With the sonata No 32, one of a group of six published privately in manuscript copies in 1776, we move from inspired galanterie to the vehement astringency characteristic of Haydn’s music in B minor (compare the string quartets Op 33 No 1 and Op 64 No 2). In his later works Haydn preferred a cheerful, major-mode resolution in his minor-keyed movements. Here, though, the recapitulations of the fiercely concentrated outer movements remain grimly in the minor throughout; and what had seemed brilliant or (in the first movement’s dancing triplets) even skittish in the exposition subsequently acquires a tense, anxious edge. The finale, with its obsessively pounding theme—the mainspring of virtually all the musical action—and weird, unsettling silences, is perhaps Haydn’s most violent sonata movement, culminating in a laconic coda that thunders out the theme in stark octave unison. Amid this turbulence, the dulcet, long-spanned central minuet in B major, in effect a surrogate slow movement, provides harmonic balm, with its darkly agitated B minor trio evoking the mood of the sonata as a whole.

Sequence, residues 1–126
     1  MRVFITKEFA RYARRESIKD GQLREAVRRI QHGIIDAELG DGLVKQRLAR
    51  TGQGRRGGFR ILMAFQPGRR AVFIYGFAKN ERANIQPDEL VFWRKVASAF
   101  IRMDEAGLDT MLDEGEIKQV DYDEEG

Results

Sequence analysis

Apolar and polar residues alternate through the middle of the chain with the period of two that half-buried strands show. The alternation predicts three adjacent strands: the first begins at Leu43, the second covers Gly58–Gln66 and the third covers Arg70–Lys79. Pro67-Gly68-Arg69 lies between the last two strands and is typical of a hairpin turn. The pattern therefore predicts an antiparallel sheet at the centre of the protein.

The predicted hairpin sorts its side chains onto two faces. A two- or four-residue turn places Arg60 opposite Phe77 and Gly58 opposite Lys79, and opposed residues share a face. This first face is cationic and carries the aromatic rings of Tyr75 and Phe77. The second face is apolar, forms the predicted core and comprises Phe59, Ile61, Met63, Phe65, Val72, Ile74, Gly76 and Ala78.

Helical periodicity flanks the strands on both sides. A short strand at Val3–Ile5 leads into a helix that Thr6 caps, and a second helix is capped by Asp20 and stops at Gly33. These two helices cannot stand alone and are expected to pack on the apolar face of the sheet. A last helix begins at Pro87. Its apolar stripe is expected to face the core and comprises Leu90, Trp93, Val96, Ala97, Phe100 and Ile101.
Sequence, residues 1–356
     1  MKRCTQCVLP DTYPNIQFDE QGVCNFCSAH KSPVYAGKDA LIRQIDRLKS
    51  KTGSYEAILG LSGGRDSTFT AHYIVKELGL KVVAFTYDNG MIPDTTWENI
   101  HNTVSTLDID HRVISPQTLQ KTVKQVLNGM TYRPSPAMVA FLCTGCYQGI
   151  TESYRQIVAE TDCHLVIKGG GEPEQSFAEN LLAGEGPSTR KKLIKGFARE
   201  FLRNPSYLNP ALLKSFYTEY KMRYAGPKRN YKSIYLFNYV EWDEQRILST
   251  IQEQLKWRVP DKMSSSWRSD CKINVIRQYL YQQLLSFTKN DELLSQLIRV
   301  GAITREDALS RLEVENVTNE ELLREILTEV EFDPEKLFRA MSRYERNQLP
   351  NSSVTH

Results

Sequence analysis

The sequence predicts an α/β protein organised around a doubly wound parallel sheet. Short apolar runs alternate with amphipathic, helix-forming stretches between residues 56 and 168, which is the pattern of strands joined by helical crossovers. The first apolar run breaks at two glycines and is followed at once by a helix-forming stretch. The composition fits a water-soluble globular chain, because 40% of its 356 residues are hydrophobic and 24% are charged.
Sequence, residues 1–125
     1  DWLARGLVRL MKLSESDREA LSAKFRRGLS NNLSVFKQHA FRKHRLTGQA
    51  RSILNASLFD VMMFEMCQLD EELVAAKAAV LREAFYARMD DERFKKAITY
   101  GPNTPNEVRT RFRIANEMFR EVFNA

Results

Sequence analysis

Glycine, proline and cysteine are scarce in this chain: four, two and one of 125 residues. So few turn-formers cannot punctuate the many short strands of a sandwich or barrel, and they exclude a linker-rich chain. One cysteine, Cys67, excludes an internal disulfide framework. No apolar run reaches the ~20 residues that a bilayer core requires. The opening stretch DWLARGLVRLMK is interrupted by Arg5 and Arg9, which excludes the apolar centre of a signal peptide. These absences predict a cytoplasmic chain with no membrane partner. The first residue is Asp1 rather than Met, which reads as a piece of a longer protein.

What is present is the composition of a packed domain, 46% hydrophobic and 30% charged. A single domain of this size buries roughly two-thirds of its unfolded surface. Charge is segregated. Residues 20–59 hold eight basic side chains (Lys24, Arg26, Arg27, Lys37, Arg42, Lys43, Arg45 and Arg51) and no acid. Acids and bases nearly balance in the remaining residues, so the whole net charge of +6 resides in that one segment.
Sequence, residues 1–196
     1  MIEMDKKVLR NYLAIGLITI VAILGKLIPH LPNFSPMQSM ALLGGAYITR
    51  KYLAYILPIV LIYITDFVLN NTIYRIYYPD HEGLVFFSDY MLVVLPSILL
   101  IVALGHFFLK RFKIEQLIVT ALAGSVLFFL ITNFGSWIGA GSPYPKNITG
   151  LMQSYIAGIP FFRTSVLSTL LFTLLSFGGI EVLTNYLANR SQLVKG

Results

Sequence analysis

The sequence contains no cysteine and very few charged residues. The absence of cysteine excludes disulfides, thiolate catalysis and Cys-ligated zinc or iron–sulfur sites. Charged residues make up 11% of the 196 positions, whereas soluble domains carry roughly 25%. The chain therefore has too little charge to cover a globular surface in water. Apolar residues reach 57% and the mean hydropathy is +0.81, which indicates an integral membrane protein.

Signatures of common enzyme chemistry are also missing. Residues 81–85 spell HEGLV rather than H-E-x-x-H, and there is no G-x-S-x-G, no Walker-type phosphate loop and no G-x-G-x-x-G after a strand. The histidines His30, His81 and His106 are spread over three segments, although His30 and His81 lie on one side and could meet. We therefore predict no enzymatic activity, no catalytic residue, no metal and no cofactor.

from notes by Richard Wigmore © 2007